Thursday, August 15, 2013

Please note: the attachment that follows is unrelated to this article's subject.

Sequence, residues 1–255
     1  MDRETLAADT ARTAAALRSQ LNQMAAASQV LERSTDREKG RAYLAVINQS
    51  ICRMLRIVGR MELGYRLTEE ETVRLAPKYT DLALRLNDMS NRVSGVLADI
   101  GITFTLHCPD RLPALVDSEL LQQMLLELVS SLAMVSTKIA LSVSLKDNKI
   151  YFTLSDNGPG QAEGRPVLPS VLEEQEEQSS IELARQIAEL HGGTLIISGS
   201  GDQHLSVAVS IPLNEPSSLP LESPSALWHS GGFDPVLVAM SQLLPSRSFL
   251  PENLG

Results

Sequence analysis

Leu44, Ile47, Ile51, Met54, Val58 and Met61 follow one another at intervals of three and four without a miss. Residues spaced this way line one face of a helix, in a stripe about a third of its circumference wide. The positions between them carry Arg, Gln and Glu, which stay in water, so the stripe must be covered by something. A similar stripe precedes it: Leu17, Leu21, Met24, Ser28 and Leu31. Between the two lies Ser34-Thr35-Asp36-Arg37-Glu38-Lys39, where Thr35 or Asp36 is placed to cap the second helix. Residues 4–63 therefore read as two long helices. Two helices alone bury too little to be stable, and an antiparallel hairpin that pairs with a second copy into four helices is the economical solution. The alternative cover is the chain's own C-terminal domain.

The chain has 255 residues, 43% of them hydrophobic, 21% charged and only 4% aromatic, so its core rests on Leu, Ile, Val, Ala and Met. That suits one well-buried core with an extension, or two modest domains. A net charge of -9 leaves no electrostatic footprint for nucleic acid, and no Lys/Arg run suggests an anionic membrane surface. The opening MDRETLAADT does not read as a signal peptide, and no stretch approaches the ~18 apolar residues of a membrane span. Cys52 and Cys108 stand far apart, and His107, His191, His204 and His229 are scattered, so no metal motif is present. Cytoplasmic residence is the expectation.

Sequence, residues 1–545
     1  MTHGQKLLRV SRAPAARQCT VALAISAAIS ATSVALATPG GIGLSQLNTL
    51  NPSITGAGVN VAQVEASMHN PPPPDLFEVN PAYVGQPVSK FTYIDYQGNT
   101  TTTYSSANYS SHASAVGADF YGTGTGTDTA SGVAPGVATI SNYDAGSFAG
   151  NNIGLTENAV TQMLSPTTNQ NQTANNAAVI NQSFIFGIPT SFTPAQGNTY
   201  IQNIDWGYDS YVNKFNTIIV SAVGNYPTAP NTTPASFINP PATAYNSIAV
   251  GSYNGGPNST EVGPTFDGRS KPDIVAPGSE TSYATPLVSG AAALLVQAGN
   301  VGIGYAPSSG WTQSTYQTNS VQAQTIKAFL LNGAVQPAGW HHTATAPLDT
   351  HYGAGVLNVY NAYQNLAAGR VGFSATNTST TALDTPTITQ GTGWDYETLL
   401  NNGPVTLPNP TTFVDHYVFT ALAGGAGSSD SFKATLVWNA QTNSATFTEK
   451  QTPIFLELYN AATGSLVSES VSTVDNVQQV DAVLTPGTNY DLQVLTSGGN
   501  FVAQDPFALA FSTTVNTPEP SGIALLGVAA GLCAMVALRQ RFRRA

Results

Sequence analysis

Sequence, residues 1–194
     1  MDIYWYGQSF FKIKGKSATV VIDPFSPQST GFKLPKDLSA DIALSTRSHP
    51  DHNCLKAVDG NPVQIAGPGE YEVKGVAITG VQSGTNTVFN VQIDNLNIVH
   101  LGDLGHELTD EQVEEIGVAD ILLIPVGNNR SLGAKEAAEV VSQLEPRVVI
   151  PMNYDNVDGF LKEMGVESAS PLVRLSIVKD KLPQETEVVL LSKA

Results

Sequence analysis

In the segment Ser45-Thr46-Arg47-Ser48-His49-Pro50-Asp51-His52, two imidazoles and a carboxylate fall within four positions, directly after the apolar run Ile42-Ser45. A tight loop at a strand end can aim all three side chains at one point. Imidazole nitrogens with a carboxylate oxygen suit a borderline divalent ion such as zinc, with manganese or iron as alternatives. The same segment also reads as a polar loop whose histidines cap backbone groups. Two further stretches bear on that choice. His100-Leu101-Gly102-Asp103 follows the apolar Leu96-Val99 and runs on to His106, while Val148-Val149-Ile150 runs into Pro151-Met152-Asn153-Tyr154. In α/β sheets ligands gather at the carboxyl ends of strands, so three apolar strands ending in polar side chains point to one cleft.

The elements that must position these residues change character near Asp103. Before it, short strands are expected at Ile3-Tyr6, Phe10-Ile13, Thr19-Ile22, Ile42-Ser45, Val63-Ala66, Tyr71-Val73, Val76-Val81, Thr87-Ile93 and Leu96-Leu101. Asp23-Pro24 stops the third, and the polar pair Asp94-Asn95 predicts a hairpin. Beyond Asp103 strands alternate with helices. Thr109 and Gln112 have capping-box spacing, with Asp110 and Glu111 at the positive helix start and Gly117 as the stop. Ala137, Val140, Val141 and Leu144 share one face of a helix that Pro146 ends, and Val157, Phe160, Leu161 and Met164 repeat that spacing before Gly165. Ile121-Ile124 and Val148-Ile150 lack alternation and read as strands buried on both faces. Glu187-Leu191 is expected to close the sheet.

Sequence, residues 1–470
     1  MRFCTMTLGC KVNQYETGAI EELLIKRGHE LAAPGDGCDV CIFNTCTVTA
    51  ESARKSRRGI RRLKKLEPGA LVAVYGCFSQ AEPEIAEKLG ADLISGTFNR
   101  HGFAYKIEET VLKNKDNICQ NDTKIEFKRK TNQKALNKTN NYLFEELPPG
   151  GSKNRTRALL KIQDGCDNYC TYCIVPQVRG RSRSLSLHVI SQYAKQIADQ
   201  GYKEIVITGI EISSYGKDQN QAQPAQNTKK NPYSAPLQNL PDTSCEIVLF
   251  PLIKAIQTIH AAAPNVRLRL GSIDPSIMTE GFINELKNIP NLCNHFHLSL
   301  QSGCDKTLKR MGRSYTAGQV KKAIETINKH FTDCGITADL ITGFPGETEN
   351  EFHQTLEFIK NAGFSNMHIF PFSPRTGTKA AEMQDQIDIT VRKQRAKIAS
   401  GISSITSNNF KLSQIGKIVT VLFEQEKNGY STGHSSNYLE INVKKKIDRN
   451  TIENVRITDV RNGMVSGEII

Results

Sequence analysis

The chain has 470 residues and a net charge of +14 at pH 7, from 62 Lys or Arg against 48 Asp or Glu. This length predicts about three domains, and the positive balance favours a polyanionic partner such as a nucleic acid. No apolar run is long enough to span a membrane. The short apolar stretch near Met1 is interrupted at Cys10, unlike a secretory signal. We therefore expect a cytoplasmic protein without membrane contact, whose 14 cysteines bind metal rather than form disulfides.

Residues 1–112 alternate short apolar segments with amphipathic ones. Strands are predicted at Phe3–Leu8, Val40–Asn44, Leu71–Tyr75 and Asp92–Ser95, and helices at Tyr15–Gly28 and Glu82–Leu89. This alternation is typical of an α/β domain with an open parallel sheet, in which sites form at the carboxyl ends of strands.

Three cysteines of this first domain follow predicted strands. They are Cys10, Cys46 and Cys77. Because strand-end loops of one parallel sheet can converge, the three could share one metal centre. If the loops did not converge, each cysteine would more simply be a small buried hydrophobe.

What is Defining Art About?